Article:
Cyclones can damage even distant reefs

Here’s some sobering news with the Atlantic hurricane season just days away. New research shows that strong cyclones, hurricanes and typhoons can harm coral reefs from as far as 1000 kilometres away.

Conventional modelling used to predict their impact assumes that wave damage occurs primarily within 100 kilometres of its track.

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The same area of Scott Reef photographed in 2010 and again in 2012 after Cyclone Lua. Credit: James Gilmour/AIMS

Marji Puotinen from the Australian Institute of Marine Science (AIMS) and colleagues weren’t so sure, however, and decided to first look closely at how Scott Reef, an atoll reef off northwest Western Australia, fared as a result of Cyclone Lua in 2012.

Although the area of the cyclone producing the most intense winds came no closer than 500 kilometres to the reef, the high seas it whipped up battered it with waves four to 20 metres high for three and a half days.

The researchers found that at its most exposed sections, Scott Reef lost 50% of its massive and robust Porites corals and virtually all its more fragile branching Acropora coral species.

Similar damage was found on another reef, a further 300 kilometres distant, and models predicted damaging waves could be felt up to 1000 kilometres away.

Puotinen and colleagues from AIMS, the University of Western Australia and the Indian Ocean Marine Research Centre next collected data on cyclone size and frequency gathered between 1985 and 2015 for 150 coral reef ecoregions around the world.

Position, strength and size for each cyclone was recorded every six hours, allowing variations to be plotted in detail.

They found that more than 70% of the ecoregions had experienced at least one impact by a cyclone at peak strength and size during the 30-year period. Some, however, experienced them roughly every five years, and others roughly every 10.

“Coral reefs have been living with cyclones for millions of years, but recovery after a big battering is a slow process, which can take a decade or more,” Puotinen says.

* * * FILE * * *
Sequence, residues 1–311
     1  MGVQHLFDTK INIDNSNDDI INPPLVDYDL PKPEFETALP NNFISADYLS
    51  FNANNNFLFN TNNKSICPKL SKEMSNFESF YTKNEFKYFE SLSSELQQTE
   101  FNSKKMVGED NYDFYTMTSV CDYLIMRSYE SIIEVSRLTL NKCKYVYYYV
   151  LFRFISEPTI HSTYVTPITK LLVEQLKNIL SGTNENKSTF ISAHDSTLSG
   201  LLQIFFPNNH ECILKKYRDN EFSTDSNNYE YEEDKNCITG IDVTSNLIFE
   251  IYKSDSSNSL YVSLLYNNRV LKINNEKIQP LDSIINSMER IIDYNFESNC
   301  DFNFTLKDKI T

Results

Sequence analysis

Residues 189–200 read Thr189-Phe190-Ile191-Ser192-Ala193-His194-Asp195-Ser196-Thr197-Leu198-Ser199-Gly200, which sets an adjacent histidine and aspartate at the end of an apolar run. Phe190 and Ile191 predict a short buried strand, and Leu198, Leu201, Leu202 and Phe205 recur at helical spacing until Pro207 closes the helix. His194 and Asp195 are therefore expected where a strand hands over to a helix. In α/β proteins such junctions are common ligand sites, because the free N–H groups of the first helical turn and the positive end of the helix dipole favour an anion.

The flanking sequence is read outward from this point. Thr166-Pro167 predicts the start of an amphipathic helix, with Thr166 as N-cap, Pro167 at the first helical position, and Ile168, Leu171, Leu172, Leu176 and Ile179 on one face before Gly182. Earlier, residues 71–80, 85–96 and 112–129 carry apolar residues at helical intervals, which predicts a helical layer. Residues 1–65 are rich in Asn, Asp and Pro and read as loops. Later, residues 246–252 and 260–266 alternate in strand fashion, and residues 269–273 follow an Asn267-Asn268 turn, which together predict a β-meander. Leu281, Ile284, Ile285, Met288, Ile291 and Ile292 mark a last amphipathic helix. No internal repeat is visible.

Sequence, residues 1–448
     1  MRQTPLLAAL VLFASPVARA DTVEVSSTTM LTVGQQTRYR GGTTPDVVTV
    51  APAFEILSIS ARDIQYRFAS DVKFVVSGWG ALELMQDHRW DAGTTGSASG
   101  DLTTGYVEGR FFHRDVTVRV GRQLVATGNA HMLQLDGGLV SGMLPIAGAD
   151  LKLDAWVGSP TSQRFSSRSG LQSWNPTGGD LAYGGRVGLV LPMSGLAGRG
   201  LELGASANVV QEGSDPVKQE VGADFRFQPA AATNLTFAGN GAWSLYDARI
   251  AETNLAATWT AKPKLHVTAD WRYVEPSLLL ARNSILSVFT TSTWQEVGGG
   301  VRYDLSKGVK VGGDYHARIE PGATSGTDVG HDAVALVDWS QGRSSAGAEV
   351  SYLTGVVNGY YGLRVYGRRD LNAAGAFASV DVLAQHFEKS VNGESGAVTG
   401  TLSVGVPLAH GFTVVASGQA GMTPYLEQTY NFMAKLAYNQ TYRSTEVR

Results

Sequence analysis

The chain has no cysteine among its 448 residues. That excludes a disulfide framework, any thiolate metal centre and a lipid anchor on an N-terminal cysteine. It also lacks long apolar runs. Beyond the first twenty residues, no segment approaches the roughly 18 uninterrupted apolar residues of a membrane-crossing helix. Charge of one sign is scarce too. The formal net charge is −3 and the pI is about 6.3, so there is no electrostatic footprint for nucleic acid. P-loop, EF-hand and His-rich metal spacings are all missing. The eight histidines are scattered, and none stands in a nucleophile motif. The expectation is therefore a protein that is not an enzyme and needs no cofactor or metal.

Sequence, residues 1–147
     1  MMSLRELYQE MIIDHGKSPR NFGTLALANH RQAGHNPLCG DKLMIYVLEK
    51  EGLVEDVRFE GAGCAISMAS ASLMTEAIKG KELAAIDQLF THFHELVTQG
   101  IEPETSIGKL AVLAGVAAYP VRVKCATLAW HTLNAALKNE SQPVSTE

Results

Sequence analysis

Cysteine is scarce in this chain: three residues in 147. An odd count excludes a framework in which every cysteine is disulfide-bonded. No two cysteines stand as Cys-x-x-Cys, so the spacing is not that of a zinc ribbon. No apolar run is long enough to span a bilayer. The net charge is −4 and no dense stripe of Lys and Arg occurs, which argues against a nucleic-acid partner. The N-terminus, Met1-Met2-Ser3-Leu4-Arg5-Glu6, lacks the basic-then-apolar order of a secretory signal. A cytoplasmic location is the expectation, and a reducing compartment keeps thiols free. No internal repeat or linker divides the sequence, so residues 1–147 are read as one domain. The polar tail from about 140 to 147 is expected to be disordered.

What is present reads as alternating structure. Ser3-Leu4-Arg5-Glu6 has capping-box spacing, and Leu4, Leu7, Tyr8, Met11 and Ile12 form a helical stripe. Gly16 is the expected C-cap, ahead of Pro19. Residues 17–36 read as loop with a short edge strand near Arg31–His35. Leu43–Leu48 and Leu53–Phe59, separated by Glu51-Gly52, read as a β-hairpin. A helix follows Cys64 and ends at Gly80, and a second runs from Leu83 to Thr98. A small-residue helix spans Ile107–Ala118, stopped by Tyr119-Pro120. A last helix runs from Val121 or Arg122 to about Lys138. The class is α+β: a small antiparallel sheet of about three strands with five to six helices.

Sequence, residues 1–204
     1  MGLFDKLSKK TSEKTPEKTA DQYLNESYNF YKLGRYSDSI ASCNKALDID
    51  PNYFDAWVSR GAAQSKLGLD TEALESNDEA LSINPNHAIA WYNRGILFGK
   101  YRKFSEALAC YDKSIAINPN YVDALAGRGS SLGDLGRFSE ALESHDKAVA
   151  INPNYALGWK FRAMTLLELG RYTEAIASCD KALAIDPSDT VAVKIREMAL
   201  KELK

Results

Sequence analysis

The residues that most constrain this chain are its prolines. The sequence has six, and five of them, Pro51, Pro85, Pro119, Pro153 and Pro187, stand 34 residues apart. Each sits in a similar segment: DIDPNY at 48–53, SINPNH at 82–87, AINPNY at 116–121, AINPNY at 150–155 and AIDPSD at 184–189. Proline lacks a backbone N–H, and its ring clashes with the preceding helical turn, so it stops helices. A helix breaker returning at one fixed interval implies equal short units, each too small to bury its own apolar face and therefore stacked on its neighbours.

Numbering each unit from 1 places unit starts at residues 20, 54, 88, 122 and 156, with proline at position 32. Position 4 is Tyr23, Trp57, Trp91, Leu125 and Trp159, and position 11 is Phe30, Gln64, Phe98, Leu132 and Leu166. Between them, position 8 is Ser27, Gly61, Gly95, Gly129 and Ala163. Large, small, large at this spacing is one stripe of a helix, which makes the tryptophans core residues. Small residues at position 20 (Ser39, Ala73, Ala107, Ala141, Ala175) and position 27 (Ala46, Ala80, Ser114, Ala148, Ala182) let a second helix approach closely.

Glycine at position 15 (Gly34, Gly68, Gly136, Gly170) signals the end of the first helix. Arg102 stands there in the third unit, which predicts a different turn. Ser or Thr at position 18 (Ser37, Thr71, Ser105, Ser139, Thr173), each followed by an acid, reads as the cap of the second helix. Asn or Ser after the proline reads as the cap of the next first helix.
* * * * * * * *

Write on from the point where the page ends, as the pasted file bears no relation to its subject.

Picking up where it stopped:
“This means that many coral reefs around the world will not have time to fully regrow before the next cyclone hits.”

Estimates of wave damage from cyclones involve highly complex calculations because they change constantly, varying in strength, size and speed over time. The largest waves occur from storms that move slowly, and have the highest winds spread over the largest area.

The total number of cyclones occurring in any given period may well not increase, Puotinen says, but that’s not necessarily good news for vulnerable reefs.

“Changes in the atmosphere mean it will be harder for cyclones to form in the first place, but warmer ocean water, which fuels their intensity, means it will be easier for them to strengthen once they do.”

The researchers say their findings should inform reef management strategies.

“Coral reef communities around the world are under increasing threat from a range of stressors, and we must understand which parts of the reef should be the focus of conservation efforts,” says AIMS’s James Gilmour, a co-author of a paper published in the journal Global Change Biology.

“In particular, it is the combination of cyclones with exposure to rising water temperatures that is the most significant emerging threat to reefs globally.”

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